> a substitute if you've been put into a wheelchair.
    >
    > ------
    > Dave Casey - Realtor
    > www.LasVegasHomesDirect.com
    > [email protected]


    Dave,

    No way I'd take the money up front to repeat that stunt. It all worked out
    nicely in the end, but it was no fun at all, getting there. Lots of pain
    and suffering. There aren't words to describe what it was like riding in
    that ambulance strapped to a hard wooden board and absorbing every little
    bump in the road with a broken back, hip, pelvis and ankle. And that was
    just a warmup for the ER experience.

    Bob C.
     
  16. psycholist

    psycholist Guest

    "Benjamin Weiner" <[email protected]> wrote in message
    news:[email protected]
    > Mark & Steven Bornfeld DDS <[email protected]> wrote:
    > > warren wrote:
    > > > A very successful bike racer in his 60's said this to me today as we
    > > > discussed the relative dangers of cycling. Some of his friends tell

    him
    > > > that cycling is dangerous, training on roads with cars should be
    > > > avoided, as is having optional, but potentially dangerous surgery to
    > > > enhance one's life, etc.

    >
    > > No one enters racing if they think too much about crashing. If you
    > > become to afraid of crashing, it's time to quit. I did.
    > > So there is an element of denial in all this. Taking a chance on
    > > something that MIGHT injure you is not the same as taking $10,000 for a
    > > sure thing.
    > > But I can't live here in New York City thinking about the next
    > > terrorist threat, and folks in S.F. can't be waiting for the big one,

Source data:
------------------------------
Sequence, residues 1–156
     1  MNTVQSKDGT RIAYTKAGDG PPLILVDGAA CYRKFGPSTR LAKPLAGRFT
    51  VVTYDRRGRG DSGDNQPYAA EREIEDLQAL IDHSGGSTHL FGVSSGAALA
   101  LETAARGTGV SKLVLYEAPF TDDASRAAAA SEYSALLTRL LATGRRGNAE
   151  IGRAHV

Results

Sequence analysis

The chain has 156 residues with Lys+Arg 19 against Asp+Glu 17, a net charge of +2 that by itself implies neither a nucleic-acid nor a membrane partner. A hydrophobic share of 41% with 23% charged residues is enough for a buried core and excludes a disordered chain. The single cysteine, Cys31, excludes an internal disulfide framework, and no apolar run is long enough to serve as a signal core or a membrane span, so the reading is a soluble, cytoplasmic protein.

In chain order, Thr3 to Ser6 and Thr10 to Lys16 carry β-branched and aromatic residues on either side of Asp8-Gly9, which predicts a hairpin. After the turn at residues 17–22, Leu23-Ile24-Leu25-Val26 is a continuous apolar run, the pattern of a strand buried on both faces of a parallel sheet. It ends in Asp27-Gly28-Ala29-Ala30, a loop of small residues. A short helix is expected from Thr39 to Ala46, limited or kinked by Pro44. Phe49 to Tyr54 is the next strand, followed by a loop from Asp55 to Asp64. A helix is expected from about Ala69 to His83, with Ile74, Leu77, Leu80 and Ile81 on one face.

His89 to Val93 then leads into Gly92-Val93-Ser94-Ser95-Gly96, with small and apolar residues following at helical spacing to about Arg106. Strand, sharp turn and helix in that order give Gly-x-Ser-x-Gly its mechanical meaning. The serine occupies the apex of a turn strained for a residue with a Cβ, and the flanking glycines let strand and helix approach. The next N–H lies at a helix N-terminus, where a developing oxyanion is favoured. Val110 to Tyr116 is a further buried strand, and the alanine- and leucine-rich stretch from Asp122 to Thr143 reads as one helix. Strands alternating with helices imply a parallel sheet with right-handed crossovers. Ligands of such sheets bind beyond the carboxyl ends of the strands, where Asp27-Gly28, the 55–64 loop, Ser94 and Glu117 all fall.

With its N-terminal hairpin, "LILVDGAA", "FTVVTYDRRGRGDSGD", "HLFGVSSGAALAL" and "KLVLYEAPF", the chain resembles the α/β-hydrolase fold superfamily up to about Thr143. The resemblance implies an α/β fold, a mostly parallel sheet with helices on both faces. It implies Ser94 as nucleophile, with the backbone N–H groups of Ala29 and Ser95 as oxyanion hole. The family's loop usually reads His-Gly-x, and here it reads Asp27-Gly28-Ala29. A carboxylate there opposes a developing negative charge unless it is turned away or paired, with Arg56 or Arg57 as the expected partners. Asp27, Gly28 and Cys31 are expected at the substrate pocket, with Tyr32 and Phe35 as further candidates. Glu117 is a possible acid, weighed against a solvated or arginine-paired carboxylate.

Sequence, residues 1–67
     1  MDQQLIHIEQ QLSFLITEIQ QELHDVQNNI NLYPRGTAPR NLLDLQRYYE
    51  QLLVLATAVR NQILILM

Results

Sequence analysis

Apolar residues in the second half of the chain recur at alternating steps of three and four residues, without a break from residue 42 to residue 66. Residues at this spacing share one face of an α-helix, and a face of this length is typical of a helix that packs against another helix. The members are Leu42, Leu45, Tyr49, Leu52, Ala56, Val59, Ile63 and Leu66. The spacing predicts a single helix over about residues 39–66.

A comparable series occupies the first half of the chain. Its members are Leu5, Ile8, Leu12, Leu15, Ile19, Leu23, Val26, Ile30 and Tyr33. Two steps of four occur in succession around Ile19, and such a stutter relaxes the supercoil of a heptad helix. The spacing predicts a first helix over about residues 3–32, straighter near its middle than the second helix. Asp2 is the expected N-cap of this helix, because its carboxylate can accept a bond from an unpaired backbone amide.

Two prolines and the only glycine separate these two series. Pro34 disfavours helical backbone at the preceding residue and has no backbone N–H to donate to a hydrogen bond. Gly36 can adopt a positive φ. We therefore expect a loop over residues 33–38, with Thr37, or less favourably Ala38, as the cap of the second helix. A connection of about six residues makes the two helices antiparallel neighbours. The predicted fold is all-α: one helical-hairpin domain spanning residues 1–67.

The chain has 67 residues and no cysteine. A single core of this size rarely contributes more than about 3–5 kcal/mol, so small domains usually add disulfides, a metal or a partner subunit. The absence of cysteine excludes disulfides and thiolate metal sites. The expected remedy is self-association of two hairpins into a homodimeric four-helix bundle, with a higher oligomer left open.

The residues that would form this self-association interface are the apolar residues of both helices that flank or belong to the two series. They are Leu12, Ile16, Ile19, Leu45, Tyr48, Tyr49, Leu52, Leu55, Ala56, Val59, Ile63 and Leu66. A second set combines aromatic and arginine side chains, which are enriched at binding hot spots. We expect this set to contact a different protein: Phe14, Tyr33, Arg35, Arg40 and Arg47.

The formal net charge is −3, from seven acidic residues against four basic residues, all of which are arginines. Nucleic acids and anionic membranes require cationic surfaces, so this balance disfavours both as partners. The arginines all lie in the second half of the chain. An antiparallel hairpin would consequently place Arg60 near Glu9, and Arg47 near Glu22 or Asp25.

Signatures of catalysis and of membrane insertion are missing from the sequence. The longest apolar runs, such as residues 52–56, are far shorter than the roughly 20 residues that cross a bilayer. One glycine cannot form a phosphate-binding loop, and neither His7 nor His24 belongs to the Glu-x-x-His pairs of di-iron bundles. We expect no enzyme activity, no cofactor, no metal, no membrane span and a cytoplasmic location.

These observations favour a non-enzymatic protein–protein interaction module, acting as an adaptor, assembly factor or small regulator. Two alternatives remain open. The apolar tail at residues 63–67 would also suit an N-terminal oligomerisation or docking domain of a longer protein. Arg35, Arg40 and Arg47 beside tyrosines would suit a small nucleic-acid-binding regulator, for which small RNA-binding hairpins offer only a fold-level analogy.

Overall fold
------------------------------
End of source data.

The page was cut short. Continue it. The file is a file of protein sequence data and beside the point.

> > though we know both of these things may happen.
    > > I guess the somewhat unsatisfactory answer is you do it because you
    > > want to, and I'll worry about the consequences when they happen.

    >
    > IMO, bicycling on (most) roads with cars isn't dangerous, at least not
    > enough more dangerous than driving on roads with cars to warrant
    > worrying about it or stopping. It's also rather less dangerous than
    > obesity or poor condition induced by lack of exercise.
    >
    > Bicycle racing is potentially dangerous. OTOH, the worst injury I've
    > seen up close was at a CX race due to a wheel that folded up on flat
    > ground 20 yards before the finish line - no bad cornering, no high
    > speed, no getting taken out by squirrels, etc. You never know.
    >
    > What is really dangerous is sitting on your butt and never doing
    > anything (cycling, or whatever) because you are afraid something bad
    > might happen. IMHO. Like your point about NYC and SF.


    I couldn't agree more!

    Bob C.
     
  17. ojo

    ojo Guest

    $10,000 to pull an Abdu?
    How is this related to the "Is cycling 'dangerous'? subject line.